Bending plastic sheets is a relatively easy technique, at least compared to metal and wood. Once you have a mould you can use it over and over again to get the exact same shape. This specific how-to aims to build a simple mould from plywood and sheet metal for bending sheets in one direction. Steps 1-4 guide you through the design and preparation process, while steps 5-14 explain how to build the actual mould.
It’s kind of obvious, but first things first: before making a proper mould, you should figure out what exactly you want to achieve. It’s easy to build a rough prototype from plywood or cardboard to test proportions and ergonomics. So right after sketching out your design, go and test it.
Take all the measurements you derived from your prototype and feed it to CAD. For curvatures, take a quick photo, place it in CAD, scale it to the right size and rebuild the curve from there.
The mould consists of two parts, the positive and the negative half that encapsulate your desired part from both sides. The bending surface is a 1mm sheet metal screwed onto cross-sections cut from plywood. The surface offset of both halves should be set to the material thickness of your plastic sheets.
See the attached .step file for an example mould.
The aim of the drawing is to transfer the precise measurements and curvatures from your CAD model to a physical mould. A good way to do that is to make 2D drawings, print them, laminate them onto plywood and cut them with a bandsaw or jigsaw. While you’re making the drawings for each part, try to anticipate how you are going to use those drawings. A smart way of avoiding a large format print is to figure out how to put together several standard sized prints. Anyways, you cannot rely on the printer to align your print perfectly on the page, so add an alignment line on every drawing.
Besides that, every sheet should contain some sort of part number or description, not to mix them up later. When moving from one application to another or while printing, pay extra attention to always maintain the same scale!
Use dashed or colored lines for different purposes (e.g. cutting, aligning, centerline …) and hatched areas for offcuts. The lines you print should be as thin as possible and use pure CMYK tones (e.g. 0 0 0 100 for black). This will avoid imprecise lines due a potential registration misalignment in the printer.
Get all the dimensions from your CAD model and cut all parts at the same time to speed up the process. Drill holes parallel to the long edge of the sheet metal with half the cross-sections material thickness as an offset.
Cut the drawings as you planned before. Use a ruler and a sharp knife and work precisely. Then take the previously cut plywood parts and laminate them with the drawings. If there are several drawings for one part, starting from the center. Apply spray mount on the back of one sheet, align it according to the instructions and sweep from the middle outwards.
Drill holes for the jigsaw to dive in and cut along the lines. Keep in mind what you want to keep and what’s going to be off-cut. Smoothen the edges with sandpaper.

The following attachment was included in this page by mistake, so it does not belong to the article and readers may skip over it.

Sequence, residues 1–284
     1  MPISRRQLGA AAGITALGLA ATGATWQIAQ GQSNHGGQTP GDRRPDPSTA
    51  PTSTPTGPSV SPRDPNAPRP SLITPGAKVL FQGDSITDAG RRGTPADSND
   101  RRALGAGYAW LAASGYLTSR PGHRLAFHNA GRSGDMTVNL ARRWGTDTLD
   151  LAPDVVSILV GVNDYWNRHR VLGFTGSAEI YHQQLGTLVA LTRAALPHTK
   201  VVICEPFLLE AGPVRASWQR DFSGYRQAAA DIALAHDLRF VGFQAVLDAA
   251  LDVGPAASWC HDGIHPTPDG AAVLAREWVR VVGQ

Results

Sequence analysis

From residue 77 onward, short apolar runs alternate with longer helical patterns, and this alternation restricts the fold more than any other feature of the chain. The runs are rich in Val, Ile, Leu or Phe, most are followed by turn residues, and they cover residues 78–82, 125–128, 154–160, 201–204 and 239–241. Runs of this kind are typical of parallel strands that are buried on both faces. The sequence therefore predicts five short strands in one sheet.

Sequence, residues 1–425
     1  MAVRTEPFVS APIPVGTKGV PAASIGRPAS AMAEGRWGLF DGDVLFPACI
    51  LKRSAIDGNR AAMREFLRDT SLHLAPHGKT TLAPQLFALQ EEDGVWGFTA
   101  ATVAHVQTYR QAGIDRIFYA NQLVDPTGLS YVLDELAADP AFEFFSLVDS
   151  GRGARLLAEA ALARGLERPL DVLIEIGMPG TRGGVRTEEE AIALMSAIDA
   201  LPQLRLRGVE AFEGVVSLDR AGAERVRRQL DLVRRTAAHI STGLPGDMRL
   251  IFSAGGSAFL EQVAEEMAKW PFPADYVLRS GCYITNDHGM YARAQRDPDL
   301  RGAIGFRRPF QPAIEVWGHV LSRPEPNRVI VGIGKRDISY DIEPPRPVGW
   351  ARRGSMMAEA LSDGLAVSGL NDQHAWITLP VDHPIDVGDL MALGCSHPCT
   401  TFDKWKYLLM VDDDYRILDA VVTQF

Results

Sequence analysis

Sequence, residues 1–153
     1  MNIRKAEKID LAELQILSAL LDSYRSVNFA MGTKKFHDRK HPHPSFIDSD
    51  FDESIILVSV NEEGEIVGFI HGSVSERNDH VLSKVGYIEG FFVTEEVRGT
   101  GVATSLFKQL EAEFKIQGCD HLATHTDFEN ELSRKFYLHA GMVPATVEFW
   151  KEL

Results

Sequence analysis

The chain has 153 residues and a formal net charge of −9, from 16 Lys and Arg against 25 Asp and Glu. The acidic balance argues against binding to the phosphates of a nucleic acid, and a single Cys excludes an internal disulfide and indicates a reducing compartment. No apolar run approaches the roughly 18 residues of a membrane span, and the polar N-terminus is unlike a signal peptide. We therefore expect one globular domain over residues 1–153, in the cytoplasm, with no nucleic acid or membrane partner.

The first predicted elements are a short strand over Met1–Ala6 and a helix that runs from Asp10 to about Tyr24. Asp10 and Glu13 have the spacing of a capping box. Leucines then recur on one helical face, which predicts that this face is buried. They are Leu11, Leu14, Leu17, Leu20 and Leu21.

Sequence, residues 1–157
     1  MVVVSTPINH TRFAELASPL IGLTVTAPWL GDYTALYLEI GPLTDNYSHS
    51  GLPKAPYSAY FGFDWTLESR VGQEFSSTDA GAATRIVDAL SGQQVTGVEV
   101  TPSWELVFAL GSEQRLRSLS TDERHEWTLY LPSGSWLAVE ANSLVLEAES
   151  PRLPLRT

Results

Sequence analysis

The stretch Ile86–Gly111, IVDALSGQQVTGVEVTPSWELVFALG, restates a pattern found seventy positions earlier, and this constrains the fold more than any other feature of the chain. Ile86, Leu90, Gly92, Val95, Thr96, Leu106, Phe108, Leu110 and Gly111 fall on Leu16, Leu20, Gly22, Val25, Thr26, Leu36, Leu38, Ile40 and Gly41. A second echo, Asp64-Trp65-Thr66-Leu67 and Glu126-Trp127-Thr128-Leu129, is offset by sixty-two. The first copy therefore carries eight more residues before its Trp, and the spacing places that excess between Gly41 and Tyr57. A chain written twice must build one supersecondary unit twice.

Screw together as you planned before. In most of the materials you should pre-drill to avoid cracking! Hence it’s a lot faster to use two cordless drills at the same time. Don’t put the wedges to the positive mould, you will need them in step 9.
As well attach some guides like aluminium L-bar to the corners in order to align the two halves more easily later. While doing so, place both halves on top of each other to make sure the whole frame is square.
Mark the centerline on the sheet metal, align it to the frame and attach it with screws. Then bend it downwards around the curvature and fix it every once in a while.
As soon as you’re close to the end, you can use the previously cut pieces to wedge the sheet metal in place. Fix those wedges with care as they are under a constant tension and might flip out.
The process is pretty much the same as for the positive mould, you start as well from the middle. Here, you just have to clamp the sheet metal down first and attach it in the middle. Then again, go outwards, the only difference is that no wedges are necessary.
In case the sheet metal exceeds the curvature’s length, you can easily grind it off. It’s crucial that the flat wedges of both halves come nicely together, otherwise the offset is not right and might deform your plastic sheet.
When it comes to the bending, you’re handling a 200°C hot piece of malleable plastic, so you really want to make it as quick as possible. A guide can help you to align the piece within the mold. In this case we simply use the off-cuts from step 5. Cut them to the right length and remove the screws from the mould on both halves where you want to put the guide. The sheet metal will still stay in shape thanks to the tension.
Then mark the position of the screws, pre-drill and countersink the holes. Screw through the holes and the sheet metal into the cross-section using countersunk screws. Again, the screws should fully immerse in the material as the opposite half must not interfere with them.
Good job, you’re done! For the usage of your brand new mould, check out tiny.cc/bend-plastic-sheets.